None of the tests or scans could reveal whether this growth was cancerous or not, only a biopsy, which are not carried out on organs, because of the possibility of “leeching” and spreading any cancer which might be there.

    My options were to: Ignore it (where it might grow and eventually kill me). Have it removed surgically or have it cooked with a procedure (still new in the UK) called radio frequency ablation.

    I’d been sent to Mr. Wallace, because he is something of a pioneer in this country of the partial or nephron sparring nephrectomy. The removal of the damaged part of the kidney rather than the whole organ. Because of my diabetes, this was considered the best of options, but I wasn’t leaned on to accept.

    In fact my personal fears explained to Mr. Wallace led him to give me a breathing space of six months to seek some cognitive behavioural therapy (again funded by the NHS) to help me condition myself for surgery, something I had an uncontrollable and irrational fear of.

    During this period, I was again given a CT scan and blood tests, to monitor the condition of the tumor which did not grow by any appreciable amount.

    At my next consultation in October, I told Mr. Wallace that despite my fears which were still not conquered, I would go for the surgical option, because I would much rather trust the experience of a surgeon who can look at my kidney and judge what action to take, rather than have 2 needles pushed into it, fry the alleged affected area and hope it was all cooked and destroyed.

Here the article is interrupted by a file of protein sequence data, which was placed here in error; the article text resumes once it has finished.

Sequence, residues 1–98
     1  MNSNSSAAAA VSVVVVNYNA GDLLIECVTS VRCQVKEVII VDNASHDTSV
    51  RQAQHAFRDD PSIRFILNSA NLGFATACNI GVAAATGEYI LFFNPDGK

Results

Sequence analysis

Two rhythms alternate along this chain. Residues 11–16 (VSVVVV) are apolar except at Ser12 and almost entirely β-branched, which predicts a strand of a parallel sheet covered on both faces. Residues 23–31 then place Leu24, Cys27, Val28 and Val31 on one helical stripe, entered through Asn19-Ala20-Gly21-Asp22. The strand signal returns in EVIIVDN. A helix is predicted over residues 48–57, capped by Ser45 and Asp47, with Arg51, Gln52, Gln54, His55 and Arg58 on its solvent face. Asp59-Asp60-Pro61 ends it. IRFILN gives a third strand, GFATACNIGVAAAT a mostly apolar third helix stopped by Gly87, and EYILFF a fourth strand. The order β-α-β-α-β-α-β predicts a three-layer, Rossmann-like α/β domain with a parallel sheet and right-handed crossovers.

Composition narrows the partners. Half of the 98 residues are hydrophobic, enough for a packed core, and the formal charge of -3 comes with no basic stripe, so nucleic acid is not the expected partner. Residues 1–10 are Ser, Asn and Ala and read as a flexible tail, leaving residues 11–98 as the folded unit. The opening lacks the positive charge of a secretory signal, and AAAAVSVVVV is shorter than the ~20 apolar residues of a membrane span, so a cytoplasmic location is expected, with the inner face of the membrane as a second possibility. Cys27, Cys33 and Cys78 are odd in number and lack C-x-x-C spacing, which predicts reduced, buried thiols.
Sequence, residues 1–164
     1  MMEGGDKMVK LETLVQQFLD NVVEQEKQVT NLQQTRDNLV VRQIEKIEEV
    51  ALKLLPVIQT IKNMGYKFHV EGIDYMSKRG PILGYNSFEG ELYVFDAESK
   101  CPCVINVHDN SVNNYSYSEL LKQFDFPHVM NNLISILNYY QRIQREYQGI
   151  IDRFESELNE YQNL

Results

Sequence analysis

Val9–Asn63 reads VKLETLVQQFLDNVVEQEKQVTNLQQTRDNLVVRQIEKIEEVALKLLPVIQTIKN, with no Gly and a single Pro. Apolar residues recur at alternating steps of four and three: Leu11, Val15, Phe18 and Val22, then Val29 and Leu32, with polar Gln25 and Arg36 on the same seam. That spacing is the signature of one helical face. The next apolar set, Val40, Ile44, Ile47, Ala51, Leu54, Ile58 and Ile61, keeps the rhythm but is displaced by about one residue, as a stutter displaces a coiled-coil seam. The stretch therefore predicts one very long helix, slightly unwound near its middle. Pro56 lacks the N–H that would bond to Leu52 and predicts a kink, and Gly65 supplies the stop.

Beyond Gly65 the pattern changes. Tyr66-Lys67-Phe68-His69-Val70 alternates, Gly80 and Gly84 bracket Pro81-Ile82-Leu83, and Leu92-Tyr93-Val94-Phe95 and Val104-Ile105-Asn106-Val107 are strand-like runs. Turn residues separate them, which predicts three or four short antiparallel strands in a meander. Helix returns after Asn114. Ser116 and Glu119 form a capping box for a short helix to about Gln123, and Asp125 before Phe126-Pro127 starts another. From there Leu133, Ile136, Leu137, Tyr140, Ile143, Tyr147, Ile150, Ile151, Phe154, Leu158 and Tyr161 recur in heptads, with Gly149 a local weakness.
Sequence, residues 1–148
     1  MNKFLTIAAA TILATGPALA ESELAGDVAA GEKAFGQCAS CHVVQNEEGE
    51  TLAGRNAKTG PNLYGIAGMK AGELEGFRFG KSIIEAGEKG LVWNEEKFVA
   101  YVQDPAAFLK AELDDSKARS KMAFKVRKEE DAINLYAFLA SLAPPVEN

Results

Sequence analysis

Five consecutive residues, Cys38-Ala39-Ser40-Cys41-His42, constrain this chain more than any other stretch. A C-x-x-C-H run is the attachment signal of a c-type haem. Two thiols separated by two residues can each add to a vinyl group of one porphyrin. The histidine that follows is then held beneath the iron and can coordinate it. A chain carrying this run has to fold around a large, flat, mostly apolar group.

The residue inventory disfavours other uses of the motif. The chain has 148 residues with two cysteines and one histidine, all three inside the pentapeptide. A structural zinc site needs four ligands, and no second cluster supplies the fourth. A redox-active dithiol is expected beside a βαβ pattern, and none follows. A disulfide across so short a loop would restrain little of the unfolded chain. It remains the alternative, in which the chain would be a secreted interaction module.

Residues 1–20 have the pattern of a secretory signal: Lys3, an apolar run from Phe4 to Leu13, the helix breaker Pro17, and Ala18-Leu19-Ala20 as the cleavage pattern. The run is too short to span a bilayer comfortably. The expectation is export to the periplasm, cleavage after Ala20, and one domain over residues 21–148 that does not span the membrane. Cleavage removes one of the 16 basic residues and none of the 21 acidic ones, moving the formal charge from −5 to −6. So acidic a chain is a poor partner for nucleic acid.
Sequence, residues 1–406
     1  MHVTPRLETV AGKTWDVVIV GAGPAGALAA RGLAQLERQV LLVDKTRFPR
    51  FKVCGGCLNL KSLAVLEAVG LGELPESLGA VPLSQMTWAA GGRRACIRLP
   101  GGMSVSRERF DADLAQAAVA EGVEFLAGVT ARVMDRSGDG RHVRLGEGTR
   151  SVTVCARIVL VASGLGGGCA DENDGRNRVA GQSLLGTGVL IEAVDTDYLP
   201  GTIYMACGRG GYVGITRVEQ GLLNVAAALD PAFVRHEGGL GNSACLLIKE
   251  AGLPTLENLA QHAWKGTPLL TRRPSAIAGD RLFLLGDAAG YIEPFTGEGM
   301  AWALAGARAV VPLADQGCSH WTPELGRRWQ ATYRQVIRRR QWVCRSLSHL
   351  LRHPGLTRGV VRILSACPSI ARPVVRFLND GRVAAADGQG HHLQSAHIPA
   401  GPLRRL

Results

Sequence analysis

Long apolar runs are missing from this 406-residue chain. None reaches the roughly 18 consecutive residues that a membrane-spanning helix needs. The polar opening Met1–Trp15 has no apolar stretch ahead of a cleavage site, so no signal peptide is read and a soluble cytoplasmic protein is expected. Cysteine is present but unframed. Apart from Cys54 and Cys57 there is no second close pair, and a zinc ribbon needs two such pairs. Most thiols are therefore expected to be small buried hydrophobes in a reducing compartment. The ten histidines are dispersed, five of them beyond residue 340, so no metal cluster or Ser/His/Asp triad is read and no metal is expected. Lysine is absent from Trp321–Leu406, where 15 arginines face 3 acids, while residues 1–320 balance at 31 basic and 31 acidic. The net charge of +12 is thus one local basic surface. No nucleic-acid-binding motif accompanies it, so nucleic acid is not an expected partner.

We agreed that I would go in for my procedure immediately after Christmas (yet if I had wanted it sooner, the option was offered).

    In January, I attended a pre screening session at the Queen Elizabeth where one is checked for the superbugs (which have caused a lot of bad press) and other body functions.

    This is where we discovered during an ECG, that I had an irregular heartbeat and my heart rate was too high. It was considered too dangerous to operate and I was put in the care of the cardiologists.

    I did not respond to oral medication and when a cancellation came about, I was invited into hospital for an overnight stay and subjected to a procedure where an electrode was pushed up through my groin and one of the valves in my heart cauterized to regularize the heartbeat.

    The procedure was a success and I was cleared for my kidney surgery, which happened about 3 weeks later.

    At all levels, the medical staff were amazing and it is this which went a long way to my dealing with my fears of being cut open. The night before my operation, I had a consult with the anaesthetist who explained his part of things.